New York’s Brewers & Wholesalers Scrambled by Hurricane Sandy
At the end of October, Hurricane Sandy left numerous Northeast breweries and wholesalers—particularly those located along the Long Island coast—reeling in her aftermath.
One of the hardest hit was Barrier Brewing, in Oceanside, N.Y. “We had over 4 [feet] of ocean surge throughout our entire brewery, and the salt water damaged the majority of our equipment beyond repair. Most of it will need to be replaced altogether,” brewer & co-owner Craig Frymark tells BA. Frymark anticipates staying shut down until early 2013. “This was a brand-new brewhouse and cellar that we had installed this past spring and had only been brewing on for about four months before the storm hit us,” he says.
Another brewer knocked offline was Brooklyn’s Sixpoint, which didn’t lose any beer, but saw damaged equipment and a prolonged lack of power. Sixpoint president Shane Welch says, “We had about two weeks of downtime, but that actually allowed us to repurpose this lost time towards projects that were being neglected for too long.”
Shmaltz Brewing’s Coney Island Brewing Co. also took a hit. Shmaltz proprietor Jeremy Cowan tells BA that their main production facilities in Saratoga Springs escaped unscathed, but “the mini-brewery in Coney Island was transformed from ‘The World’s Smallest Brewery’ into the ‘World’s Messiest,’ and then ‘Emptiest.’ Although nothing was salvageable … we’re unbelievably lucky.” Cowan adds that the Coney Island brewery will be rebuilt and ready for the next summer season.
Two local wholesalers, Beehive Beer Distributors and Union Beer Distributors, reportedly lost a significant portion of their warehouse inventories to Sandy’s mucky floodwaters.
The local craft beer community has rallied to support the brewers set back by Sandy. Brewery Ommegang, which weathered the storm without incident up in Cooperstown, has offered their assistance to any brewery that needs it, and Barrier’s Frymark says that “several area breweries from Long Island to Maryland have reached out to offer their support in all kinds of ways, from cold storage to spare equipment to producing some beer for us while we’re down.”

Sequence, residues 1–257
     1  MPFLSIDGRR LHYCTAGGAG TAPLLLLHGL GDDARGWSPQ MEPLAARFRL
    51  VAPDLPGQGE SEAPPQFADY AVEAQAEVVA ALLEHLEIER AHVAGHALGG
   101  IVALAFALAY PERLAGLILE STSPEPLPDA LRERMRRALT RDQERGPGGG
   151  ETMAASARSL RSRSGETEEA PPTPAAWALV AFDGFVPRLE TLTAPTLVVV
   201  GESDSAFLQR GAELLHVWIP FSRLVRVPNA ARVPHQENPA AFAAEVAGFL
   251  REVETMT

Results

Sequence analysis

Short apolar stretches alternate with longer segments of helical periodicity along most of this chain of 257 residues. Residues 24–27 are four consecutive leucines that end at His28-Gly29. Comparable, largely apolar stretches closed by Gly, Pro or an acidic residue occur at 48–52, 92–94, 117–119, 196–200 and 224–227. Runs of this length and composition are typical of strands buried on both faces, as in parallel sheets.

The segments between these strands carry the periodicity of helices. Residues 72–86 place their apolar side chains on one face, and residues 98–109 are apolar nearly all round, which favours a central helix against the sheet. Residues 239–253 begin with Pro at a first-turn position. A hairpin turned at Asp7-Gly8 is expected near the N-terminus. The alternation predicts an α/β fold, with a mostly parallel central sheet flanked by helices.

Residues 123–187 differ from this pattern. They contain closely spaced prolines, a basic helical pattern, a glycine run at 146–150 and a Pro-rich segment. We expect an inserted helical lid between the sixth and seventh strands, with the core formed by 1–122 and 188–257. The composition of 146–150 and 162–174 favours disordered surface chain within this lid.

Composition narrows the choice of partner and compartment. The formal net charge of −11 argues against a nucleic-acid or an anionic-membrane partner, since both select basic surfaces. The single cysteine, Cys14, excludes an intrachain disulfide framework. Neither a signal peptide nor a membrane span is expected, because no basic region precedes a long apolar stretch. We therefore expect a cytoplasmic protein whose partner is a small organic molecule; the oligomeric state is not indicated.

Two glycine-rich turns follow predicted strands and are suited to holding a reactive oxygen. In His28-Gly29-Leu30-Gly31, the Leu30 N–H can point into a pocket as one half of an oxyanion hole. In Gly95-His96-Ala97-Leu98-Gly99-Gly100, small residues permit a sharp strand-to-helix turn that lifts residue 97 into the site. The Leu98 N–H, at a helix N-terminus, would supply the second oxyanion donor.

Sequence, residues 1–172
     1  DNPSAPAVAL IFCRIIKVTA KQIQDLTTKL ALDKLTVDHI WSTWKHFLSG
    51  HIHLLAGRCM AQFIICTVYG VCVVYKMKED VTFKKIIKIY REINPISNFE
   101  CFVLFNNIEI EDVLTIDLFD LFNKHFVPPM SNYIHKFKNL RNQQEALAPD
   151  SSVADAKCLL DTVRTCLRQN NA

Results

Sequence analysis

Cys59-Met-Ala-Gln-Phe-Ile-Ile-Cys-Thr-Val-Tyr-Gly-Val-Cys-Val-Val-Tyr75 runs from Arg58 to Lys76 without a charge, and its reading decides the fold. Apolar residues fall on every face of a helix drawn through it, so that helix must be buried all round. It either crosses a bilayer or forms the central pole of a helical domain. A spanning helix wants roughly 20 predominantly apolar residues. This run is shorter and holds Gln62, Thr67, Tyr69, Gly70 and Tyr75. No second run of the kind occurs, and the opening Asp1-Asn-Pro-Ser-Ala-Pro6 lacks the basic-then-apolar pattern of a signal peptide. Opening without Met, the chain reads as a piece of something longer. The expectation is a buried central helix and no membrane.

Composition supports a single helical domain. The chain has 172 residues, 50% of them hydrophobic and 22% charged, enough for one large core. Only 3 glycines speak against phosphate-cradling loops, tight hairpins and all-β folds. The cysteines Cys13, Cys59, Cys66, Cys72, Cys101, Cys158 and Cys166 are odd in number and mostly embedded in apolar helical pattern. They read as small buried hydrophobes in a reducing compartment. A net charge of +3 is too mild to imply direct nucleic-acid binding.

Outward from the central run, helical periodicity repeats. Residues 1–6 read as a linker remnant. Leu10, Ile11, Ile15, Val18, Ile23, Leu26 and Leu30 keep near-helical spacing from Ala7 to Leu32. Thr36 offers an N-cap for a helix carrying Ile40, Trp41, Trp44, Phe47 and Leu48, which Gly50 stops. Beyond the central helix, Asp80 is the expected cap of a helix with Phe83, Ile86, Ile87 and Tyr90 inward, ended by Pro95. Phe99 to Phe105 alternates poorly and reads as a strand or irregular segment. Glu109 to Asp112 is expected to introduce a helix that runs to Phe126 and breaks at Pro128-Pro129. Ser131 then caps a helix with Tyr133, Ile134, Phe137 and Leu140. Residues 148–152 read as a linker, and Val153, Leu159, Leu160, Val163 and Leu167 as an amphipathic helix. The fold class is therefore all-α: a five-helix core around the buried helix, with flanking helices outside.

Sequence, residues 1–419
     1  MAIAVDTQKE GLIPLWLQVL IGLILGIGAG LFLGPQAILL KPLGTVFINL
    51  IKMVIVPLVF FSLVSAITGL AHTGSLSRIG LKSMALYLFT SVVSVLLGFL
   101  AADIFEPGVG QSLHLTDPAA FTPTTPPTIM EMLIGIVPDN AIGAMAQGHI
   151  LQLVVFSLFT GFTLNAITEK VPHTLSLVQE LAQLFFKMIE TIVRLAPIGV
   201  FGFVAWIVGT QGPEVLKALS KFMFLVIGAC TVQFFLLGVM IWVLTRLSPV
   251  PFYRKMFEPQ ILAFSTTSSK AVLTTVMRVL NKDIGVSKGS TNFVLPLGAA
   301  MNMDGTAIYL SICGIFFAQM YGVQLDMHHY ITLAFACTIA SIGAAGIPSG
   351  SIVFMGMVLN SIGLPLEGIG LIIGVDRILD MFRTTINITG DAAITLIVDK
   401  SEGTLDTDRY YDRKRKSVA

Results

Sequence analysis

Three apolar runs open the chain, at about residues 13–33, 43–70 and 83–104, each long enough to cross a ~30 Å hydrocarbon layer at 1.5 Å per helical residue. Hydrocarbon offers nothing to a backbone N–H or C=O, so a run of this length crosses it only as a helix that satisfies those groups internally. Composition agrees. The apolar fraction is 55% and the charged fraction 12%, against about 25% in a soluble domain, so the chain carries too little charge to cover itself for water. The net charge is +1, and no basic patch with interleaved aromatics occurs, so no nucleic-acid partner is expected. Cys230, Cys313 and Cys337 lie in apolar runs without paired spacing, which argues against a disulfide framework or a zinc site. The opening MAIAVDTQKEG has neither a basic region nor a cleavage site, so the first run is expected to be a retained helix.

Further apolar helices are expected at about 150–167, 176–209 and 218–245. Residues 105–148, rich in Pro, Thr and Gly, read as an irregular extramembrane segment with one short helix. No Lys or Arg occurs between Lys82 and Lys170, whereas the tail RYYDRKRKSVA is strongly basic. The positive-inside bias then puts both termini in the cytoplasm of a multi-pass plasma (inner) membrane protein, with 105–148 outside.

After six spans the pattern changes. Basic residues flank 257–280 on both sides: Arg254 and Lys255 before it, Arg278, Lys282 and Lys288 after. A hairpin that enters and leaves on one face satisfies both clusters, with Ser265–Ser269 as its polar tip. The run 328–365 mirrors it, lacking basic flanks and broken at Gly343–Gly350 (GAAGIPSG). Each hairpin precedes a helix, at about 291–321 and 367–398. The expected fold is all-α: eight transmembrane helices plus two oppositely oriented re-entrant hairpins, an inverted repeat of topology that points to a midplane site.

“We are so fortunate to work in an industry defined by camaraderie,” Cowan says. “This storm has reminded us that the craft beer community at large is remarkably generous.”
In the Months Following Tragedy, Brewers Increasingly Skeptic about Plastic Kegs
As many small-scale brewers seek to reduce overhead costs, plastic kegs had been viewed as a viable alternative to stainless-steel kegs. They’re lighter, they won’t be stolen and sold to scrapyards, and they cost significantly less. These points combined make a very compelling case for plastic.
However, the kegs run a risk of causing serious bodily harm to their handlers. Last April, a plastic keg at Portsmouth, N.H., brewery Red Hook exploded during a routine cleaning operation, killing 26 year-old employee Ben Harris.
The Red Hook tragedy, combined with increasing reports of keg explosions from breweries, has compelled the Brewers Association to conduct their own investigation into the safety of plastic kegs. In the meantime, many breweries using plastic kegs have taken additional precautions, such as installing plexiglass shields to house kegs during cleaning and filling operations.
The majority of the plastic kegs used in the industry come from a single company: CypherCo, a British company that also manufactures and sells domestically under the name Plastic Kegs America. The Plastic Kegs America website declares their kegs are just as durable as stainless, reading, “They will withstand a maximum of 275 degrees Fahrenheit @ 25 PSI freeflow, the same as you would normally operate on with a metal keg.”